|THE GEOLOGIST AWHEEL.|
UNIVERSITY OF WISCONSIN.
IN no country of the world does the government distribute to its people with so lavish a hand as in our own the published results of scientific investigation. One example among many that might be given is furnished by the reports of the United States Geological Survey, which for abundance of material, for scientific value and for beauty of illustration are not approached by the geological publications of any European state. Of the many who see the beautifully colored geological maps which accompany these magnificent reports, or the only less elaborate and expensive maps prepared by certain of the individual States, doubtless few have the faintest notion of the studies on which they are based.
No comprehensive study can be made of the geology of any region until some sort of geographical map of the region makes it possible to represent the exposed rock masses in approximately their true positions relative to one another. If the geology be other than of the very simplest character—and this will generally be true of mountainous regions—it is not only necessary to fix the geographical positions of rock masses, but their elevations as well. In other words, the map must not only be a plan, but special elevations must be represented, known as geological sections. The most satisfactory representation—and this will be essential for all difficult areas—will be one which shows not only special elevations, but the topographic relief of every point in the area. A proper preparation for detailed geological work in a difficult area involves, therefore, the making of a relief or topographic map based on correct triangulation, and of a scale and an accuracy of delineation of relief forms commensurate with the complexity of the geological structure. For large areas of the eastern United States such maps have been prepared by the United States Government, sometimes in cooperation with the State governments, and these maps maybe obtained in the form of beautifully engraved atlas sheets by any one and at merely nominal prices. On these maps are shown in black the railroads, highways, houses, etc. (the culture); in blue, the lakes, streams, swampy areas, etc. (the hydrography); and in brown, the lines of approximately equal altitude (the topography).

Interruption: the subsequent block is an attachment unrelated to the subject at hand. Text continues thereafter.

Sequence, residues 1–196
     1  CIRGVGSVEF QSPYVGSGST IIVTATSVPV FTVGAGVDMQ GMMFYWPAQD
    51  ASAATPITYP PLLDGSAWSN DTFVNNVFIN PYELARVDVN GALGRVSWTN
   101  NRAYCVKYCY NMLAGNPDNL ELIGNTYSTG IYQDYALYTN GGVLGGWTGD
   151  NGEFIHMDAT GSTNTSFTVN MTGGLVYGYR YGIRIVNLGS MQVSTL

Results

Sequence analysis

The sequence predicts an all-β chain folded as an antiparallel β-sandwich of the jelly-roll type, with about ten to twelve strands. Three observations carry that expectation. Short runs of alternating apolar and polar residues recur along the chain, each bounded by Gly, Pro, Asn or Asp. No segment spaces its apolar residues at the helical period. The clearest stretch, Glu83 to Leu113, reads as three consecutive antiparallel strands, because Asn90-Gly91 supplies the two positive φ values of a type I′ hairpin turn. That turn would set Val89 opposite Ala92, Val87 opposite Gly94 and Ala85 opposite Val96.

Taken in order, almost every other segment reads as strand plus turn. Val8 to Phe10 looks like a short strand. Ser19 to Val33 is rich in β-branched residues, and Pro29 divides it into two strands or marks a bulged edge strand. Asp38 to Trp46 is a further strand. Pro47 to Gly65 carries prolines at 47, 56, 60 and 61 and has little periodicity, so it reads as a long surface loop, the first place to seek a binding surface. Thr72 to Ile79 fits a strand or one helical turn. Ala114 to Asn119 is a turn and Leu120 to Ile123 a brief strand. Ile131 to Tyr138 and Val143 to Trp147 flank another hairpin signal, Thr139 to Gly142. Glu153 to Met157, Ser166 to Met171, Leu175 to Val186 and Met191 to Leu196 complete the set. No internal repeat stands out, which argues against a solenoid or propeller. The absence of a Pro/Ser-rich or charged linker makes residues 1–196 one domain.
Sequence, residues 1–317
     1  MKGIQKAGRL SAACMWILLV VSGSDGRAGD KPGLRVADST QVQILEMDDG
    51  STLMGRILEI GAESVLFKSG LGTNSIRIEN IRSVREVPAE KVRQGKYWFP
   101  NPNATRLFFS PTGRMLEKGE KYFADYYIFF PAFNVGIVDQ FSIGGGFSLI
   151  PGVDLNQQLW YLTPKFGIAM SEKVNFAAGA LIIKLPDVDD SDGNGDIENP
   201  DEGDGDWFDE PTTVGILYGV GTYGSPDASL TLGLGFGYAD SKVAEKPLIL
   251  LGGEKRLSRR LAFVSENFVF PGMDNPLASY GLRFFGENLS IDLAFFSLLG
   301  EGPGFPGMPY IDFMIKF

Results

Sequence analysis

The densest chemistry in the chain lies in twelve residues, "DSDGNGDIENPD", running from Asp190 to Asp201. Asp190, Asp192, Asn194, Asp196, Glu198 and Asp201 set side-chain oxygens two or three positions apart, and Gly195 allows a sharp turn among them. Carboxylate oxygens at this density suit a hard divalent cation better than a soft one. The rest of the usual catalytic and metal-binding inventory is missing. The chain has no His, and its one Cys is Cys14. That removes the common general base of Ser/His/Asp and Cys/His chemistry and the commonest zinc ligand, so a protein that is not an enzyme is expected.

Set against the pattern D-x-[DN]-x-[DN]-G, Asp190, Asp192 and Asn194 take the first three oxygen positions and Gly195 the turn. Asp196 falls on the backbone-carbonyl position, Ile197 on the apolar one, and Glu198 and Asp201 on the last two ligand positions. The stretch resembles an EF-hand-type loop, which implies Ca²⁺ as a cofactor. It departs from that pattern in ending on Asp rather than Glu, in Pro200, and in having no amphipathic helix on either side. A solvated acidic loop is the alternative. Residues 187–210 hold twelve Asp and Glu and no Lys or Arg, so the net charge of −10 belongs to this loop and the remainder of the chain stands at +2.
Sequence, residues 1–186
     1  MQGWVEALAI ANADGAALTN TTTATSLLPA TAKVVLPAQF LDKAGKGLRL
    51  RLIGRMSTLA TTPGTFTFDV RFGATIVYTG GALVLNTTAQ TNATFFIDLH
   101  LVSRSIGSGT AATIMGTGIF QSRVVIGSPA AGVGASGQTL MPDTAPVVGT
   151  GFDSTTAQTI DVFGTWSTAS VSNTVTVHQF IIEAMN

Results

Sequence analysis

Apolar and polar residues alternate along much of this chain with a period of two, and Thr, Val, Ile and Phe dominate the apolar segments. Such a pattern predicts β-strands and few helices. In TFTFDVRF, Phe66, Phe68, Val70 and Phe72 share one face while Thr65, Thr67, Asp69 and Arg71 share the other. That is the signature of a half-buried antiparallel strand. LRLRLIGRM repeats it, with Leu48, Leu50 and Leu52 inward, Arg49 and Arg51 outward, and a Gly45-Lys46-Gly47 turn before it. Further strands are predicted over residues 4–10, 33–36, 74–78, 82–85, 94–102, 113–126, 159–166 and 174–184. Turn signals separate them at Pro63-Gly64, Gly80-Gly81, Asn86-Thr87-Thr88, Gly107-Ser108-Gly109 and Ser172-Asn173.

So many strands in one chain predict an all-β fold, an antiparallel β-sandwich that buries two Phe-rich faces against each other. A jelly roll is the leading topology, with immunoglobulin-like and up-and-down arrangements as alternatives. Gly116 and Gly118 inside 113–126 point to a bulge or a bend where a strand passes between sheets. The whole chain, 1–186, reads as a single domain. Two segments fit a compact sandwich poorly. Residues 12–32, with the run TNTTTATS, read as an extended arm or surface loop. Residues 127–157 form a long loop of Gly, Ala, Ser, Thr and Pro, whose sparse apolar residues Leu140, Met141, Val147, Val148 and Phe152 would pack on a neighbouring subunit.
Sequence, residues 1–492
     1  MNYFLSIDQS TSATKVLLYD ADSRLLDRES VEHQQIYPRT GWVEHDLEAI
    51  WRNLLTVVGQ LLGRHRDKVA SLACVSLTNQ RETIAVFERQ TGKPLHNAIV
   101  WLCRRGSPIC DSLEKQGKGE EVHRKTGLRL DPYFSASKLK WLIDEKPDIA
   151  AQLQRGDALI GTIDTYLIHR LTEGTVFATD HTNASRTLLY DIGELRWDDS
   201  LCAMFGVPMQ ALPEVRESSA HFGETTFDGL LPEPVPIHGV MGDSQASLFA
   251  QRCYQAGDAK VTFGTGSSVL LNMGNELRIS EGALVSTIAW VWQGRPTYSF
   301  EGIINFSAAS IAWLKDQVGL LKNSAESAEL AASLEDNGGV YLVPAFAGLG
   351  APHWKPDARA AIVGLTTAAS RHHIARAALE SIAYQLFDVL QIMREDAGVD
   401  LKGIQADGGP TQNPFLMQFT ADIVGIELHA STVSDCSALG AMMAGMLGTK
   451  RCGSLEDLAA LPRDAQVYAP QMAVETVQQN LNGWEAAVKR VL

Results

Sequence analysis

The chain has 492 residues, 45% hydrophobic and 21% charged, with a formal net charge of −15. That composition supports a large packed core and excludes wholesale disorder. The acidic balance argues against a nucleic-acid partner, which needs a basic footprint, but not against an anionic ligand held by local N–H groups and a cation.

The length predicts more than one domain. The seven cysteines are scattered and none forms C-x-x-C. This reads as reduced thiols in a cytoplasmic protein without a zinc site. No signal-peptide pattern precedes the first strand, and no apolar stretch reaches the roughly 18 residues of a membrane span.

With such a map the field geologist can begin intelligently his geological work. This work will consist first of all in the collecting of his